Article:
Page:English Law and the Renaissance.djvu/15

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3
and the Renaissance

have known Sir Robert except as an English lawyer who throve so well in his profession that he became Chief Justice of the Common Bench. And the rest of the acts of Robert Rede—we might say—and the arguments that he urged and the judgments that he pronounced, are they not written in queer old French in the Year Books of Henry VII and Henry VIII? Those ancient law reports are not a place in which we look for humanism or the spirit of the Renaissance: rather we look there for an amazingly continuous persistence and development of medieval doctrine.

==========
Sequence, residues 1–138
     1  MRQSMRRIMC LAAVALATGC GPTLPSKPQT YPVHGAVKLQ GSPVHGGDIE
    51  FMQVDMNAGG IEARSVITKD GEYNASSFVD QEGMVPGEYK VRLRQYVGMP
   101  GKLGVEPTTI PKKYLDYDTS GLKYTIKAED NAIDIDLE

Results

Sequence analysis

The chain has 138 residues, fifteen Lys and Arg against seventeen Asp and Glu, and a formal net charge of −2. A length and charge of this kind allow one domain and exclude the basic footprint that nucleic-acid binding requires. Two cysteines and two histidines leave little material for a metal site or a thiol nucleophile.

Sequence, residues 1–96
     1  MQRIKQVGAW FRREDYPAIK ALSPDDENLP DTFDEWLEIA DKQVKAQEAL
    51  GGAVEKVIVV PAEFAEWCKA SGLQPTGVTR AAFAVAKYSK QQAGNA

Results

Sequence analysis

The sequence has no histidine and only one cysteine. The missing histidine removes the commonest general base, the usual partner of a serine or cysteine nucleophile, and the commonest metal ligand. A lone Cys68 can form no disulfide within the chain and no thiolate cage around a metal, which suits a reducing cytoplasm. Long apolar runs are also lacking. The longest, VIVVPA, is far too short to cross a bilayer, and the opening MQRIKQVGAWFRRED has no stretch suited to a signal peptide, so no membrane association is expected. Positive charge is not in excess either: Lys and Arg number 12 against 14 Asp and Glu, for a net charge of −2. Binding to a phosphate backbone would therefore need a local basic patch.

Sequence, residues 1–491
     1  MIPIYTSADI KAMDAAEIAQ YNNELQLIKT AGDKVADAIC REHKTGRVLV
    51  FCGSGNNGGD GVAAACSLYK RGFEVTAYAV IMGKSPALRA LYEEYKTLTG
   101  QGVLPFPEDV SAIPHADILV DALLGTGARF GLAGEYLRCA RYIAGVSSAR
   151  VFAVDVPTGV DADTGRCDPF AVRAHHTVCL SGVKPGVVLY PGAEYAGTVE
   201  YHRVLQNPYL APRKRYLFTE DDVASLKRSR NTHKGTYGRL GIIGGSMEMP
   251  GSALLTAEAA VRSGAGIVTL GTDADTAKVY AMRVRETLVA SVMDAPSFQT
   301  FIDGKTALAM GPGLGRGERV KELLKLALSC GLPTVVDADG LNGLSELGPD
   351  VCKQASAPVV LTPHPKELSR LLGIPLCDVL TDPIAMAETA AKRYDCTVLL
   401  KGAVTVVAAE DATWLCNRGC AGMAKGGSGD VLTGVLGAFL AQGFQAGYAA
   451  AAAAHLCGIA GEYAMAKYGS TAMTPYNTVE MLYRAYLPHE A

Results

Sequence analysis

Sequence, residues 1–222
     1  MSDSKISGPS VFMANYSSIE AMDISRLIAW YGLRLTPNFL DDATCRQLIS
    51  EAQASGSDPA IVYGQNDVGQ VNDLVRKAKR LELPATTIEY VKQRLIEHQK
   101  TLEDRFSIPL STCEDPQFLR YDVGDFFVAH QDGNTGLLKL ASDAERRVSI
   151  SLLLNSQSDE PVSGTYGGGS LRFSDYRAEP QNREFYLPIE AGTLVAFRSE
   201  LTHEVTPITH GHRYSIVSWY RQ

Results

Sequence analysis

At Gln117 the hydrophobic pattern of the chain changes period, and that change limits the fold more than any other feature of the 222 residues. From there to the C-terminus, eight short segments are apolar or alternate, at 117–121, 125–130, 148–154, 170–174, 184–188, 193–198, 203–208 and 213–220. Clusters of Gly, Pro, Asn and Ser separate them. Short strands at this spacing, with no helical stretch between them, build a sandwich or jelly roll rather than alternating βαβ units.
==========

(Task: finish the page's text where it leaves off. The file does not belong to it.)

Perhaps we should hardly believe if we were told for the first time that in the reign of James I a man who was the contemporary of Shakespeare and Bacon, a very able man too and a learned, who left his mark deep in English history, said, not by way of paradox but in sober earnest, said repeatedly and advisedly, that a certain thoroughly medieval book written in decadent colonial French was 'the most perfect